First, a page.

Movie Review by Louise Charman
Starring: Diane Lane, Liev Schreiber, Anna Paquin, Viggo Mortensen, Torah Feldshuh
Director: Tony Goldwyn
A WALK ON THE MOON is an impressive debut for director Tony Goldwyn and screenwriter Pamela Gray. Set in the summer of ?69, at the time of the Apollo mission and just a few miles from Woodstock, New York, this is the story of Pearl Kantrowitz, a young housewife and mother who feels the spirit of the times is passing her by.
Vacations are spent at Dr Fogler?s bungalows, a Catskills resort where the same Jewish families gather every summer. Pearl and her devoted but conservative husband Marty (Diane Lane and Liev Schreiber) arrive at the bungalows with their headstrong teen Alison (played by the talented Anna Paquin, famous for her Oscar winning performance in THE PIANO at the age of nine), young son Danny, and Marty?s meddling but intuitive mother (Tovah Feldshuh). Highlights of the day for the resort wives include the arrival of travelling salesmen, among them ?The Blouse Man? a charming hippie by the name of Walker Jerome (Viggo Mortenson). When Marty has to return to the city to meet the demands of work (repairing hundreds of TVs in time for the moon landing), Pearl starts an affair with Walker and is gradually initiated into the free spirit of the 60?s, from tie dye T-shirts to marijuana and ultimately, to Woodstock. But inevitably events catch up with Pearl and she has to face up to her family, her future, and her past.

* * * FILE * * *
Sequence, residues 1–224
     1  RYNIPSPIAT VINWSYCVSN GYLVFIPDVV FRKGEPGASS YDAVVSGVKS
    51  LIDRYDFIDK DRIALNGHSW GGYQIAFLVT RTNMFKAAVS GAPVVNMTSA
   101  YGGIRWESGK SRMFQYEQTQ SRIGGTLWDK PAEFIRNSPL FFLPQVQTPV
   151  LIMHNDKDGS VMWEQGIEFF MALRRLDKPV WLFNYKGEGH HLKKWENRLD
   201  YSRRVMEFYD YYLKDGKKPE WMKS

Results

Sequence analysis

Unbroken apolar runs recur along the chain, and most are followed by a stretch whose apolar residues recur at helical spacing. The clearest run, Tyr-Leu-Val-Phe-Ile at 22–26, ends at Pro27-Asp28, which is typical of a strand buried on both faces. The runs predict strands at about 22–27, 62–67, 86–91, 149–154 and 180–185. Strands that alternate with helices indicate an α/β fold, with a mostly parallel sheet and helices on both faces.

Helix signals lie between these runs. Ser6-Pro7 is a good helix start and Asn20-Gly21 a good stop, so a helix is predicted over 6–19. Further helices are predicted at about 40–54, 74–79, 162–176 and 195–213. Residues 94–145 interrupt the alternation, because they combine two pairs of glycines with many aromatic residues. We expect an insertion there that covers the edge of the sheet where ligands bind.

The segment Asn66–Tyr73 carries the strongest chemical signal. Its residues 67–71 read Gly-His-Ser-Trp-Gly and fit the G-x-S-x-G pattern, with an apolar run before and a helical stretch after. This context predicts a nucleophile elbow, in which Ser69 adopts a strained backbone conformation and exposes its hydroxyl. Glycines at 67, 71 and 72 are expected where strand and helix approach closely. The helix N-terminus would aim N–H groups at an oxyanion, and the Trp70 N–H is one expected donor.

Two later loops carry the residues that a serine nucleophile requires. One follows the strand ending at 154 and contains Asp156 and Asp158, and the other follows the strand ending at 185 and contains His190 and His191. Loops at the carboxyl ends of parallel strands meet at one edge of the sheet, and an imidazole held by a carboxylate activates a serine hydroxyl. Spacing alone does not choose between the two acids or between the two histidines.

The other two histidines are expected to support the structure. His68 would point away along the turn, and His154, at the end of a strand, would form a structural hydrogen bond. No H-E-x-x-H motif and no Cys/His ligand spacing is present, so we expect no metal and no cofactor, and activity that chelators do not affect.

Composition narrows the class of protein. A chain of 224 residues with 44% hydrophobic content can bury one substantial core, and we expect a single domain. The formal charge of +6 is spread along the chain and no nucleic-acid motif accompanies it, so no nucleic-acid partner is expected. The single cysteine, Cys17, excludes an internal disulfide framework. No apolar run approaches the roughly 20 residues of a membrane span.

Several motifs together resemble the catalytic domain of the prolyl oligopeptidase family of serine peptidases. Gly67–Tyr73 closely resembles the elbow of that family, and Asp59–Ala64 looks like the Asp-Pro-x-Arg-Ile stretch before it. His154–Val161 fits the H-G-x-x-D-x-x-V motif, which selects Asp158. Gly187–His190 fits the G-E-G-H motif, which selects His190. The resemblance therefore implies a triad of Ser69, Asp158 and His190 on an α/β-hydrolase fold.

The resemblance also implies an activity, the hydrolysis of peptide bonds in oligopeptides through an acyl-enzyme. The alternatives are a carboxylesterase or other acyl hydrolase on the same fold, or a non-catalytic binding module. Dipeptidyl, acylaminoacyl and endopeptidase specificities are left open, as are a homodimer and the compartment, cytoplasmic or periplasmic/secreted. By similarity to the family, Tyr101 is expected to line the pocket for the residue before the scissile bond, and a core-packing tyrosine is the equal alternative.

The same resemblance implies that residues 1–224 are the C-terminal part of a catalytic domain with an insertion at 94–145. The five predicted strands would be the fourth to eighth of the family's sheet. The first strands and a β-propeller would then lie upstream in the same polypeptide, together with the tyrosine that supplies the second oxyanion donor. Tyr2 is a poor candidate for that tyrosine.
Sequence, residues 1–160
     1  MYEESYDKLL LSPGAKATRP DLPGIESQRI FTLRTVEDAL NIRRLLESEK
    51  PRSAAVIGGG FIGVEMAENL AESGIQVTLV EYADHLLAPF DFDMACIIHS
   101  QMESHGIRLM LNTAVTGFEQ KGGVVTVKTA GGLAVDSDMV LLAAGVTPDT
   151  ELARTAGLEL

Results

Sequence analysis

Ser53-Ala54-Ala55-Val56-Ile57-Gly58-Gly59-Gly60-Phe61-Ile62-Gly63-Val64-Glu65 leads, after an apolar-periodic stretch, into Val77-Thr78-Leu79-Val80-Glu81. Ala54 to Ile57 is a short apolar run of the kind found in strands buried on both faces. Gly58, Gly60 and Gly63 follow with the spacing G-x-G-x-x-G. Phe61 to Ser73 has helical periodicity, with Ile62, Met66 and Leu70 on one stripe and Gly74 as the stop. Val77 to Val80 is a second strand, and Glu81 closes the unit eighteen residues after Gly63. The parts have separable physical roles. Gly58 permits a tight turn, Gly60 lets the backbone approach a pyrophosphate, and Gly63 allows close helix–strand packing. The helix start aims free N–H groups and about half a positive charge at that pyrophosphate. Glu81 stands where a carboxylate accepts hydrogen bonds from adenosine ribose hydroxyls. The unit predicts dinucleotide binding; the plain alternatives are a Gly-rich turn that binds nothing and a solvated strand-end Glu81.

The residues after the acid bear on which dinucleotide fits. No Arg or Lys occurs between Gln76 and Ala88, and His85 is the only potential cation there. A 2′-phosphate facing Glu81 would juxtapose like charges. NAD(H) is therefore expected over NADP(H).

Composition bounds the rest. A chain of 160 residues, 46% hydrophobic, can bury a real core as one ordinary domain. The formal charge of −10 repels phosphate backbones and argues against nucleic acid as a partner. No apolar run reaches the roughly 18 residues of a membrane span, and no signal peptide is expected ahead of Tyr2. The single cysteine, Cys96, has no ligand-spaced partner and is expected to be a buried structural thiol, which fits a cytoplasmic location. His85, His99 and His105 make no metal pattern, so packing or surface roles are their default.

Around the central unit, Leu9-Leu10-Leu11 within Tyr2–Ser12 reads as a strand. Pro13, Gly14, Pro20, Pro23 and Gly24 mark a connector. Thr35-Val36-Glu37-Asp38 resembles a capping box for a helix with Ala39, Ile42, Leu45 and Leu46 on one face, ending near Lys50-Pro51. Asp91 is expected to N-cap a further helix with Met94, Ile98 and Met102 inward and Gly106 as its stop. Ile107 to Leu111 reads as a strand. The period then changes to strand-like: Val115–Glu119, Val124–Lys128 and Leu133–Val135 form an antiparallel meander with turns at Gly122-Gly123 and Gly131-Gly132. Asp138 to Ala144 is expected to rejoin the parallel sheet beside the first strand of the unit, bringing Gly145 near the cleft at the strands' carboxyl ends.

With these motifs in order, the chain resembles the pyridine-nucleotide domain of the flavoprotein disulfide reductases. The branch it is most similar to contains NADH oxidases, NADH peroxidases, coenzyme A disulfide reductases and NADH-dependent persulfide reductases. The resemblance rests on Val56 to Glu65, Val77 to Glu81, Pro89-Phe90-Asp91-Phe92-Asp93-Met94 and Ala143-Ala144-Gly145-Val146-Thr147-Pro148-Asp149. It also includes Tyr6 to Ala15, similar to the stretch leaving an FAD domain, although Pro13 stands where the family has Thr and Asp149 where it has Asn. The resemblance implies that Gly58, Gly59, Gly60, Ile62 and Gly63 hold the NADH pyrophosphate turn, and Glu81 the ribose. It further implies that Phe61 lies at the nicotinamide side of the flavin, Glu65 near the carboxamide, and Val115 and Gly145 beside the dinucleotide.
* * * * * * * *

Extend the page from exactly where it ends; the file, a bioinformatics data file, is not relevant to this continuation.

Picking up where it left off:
Romance and comedy are amply delivered without the film becoming over sentimental or clichéd. The quaint atmosphere of the resort is conveyed with affectionate humour, and the characters are well observed and convincing. The sexual development of mother and daughter are nicely paralleled, each sneaking out of the house for romantic liaisons, and both making the illicit trip to the free love fest which is Woodstock. Their personal journeys are shown to be as important as the momentous world events going on around them: both experience a ?first kiss? as Neil Armstrong steps on to the moon shining above them.
Music from the sixties is also used to good effect throughout the film, including many lesser known tracks as well as the classics. It?s easy to forget how much of an impact this music must have had at the time, particularly on a generation who grew up in the 1950?s to the crooning of Frank Sinatra and Dean Martin. When Marty finally starts to tune into Pearl?s feelings he switches the radio from Dean Martin to Jimi Hendrix, in a clear admission that the times, they are a?changin?.
Touching without being schmaltzy, A WALK ON THE MOON is a refreshing change from standard Hollywood fare.